2012-08-26  North Slopes  My wife and I were camping in Navajo Basin on 08/26/2012 awaiting a climb of Mt Wilson the next morning. Just before dark a huge rockslide started at the top of the North Slopes route and swept the entire route from top to bottom. No details on the condition of the route afterwards but it was tons of debris that fell for over two minutes and left a dust plume rising above the mountain. miztflip   2012-08-27  0  3    Edit Delete 
2012-07-04  North Slopes  North Slope was a pain to get up, not because the length or incline, but because the route has such horribly loose rock. I have done several peaks with loose rock and this route tops it, especially since much of it half way up was soggy. I will never go on this route again unless it is completely covered in good snow. Also did the traverse when it started to rain and hail on us (nice). Several rock slides were heard from atop this wet traverse include on the ridge we were traversing. Care should be taken for rock fall in any of the gullies. Also, know how to get up and down the north buttress. rkhaun   2012-07-04  0     Edit Delete 
2012-07-02  South Slopes  Hillhag & Slowhead finished the 14ers on July 2, 2012, with El Diente as the last. The Kilpacker route is in perfect condition, no ice or snow, of course. We found on the descent that, while we had to come down the grey gully (beneath the organ pipes), we did not have to cross the grey talus field. There is a nicely cairned zigzagging path, pretty well-defined, to the right (west) of the grey talus. Had we found that on the way up (where it would be to the LEFT of the grey talus), we would have avoided some rock-hopping and scree. Anyway, the mountain is in great shape, and we‘ve completed all the 14ers, in eight years. Not bad for some old folks. slowhead   2012-07-05  0     Edit Delete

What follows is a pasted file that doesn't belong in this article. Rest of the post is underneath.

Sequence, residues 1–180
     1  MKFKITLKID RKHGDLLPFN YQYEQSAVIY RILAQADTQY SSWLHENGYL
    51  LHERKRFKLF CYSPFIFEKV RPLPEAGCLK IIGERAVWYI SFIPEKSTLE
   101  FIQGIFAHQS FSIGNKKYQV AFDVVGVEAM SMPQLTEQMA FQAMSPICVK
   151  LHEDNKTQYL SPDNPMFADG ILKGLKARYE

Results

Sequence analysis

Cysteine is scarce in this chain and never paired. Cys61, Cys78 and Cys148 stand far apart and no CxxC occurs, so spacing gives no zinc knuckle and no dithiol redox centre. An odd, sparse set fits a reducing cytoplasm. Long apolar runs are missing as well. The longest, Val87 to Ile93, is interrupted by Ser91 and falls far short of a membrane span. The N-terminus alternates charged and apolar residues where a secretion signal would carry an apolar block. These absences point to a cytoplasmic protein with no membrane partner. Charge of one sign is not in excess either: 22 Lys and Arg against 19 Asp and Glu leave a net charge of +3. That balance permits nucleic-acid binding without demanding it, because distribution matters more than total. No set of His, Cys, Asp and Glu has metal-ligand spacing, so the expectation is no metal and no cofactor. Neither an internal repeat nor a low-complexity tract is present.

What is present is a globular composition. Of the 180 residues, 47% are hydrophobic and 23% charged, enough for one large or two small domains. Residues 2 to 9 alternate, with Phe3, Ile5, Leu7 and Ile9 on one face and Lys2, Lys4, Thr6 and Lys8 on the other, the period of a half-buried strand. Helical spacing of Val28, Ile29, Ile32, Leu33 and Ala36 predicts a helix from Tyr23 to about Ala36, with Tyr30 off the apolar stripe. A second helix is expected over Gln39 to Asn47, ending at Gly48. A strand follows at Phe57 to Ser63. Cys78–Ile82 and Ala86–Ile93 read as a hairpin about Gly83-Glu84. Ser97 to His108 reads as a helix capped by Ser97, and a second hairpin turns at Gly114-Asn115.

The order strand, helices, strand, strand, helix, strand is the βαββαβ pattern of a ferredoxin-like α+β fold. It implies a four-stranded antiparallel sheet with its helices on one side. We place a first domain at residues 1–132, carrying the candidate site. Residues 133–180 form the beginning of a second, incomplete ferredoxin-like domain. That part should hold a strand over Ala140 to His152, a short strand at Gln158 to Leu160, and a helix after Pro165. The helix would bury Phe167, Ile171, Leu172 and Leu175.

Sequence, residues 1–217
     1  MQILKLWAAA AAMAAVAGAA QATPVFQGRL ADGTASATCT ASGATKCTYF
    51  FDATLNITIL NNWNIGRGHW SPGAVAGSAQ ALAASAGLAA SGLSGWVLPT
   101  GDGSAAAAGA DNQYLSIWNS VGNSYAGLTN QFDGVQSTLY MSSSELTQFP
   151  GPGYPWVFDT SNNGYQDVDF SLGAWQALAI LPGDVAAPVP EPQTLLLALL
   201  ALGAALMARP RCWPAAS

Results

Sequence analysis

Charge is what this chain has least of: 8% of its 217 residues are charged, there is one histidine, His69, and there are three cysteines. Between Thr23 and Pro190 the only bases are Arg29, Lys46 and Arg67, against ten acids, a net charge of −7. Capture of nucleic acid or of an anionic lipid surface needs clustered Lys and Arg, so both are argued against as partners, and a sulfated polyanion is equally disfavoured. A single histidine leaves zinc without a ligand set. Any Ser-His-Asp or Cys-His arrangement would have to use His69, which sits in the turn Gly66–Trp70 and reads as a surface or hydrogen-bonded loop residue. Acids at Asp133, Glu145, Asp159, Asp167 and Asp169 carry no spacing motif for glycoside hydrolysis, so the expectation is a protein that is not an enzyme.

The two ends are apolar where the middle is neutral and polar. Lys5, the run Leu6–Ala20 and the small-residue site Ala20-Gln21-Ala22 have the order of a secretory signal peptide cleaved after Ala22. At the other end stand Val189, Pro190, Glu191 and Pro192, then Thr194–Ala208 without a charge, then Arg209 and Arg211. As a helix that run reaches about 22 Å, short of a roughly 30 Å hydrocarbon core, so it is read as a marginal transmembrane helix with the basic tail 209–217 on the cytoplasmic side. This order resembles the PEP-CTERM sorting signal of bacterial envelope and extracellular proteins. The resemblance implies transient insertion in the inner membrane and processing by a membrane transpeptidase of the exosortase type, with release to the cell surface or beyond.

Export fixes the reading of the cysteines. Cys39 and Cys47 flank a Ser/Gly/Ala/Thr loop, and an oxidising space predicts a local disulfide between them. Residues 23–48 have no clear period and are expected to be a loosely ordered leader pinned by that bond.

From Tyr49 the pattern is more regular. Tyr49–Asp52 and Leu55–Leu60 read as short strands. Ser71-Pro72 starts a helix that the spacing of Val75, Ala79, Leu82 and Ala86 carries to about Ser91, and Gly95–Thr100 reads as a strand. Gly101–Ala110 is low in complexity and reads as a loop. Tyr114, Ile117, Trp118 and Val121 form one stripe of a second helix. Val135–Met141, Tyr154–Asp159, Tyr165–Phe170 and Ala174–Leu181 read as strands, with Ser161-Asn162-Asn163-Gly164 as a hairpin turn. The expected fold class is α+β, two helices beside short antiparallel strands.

2012-06-21  South Slopes  Climbed El Diente today via Kilpacker. I had crampons and ax but they were unnecessary. The snow on the north side is pretty much melted out. The fastest easiest way to the summit is the standard route. I went up on the ridge and came down the standard. Nelson   2012-06-21  0     Edit Delete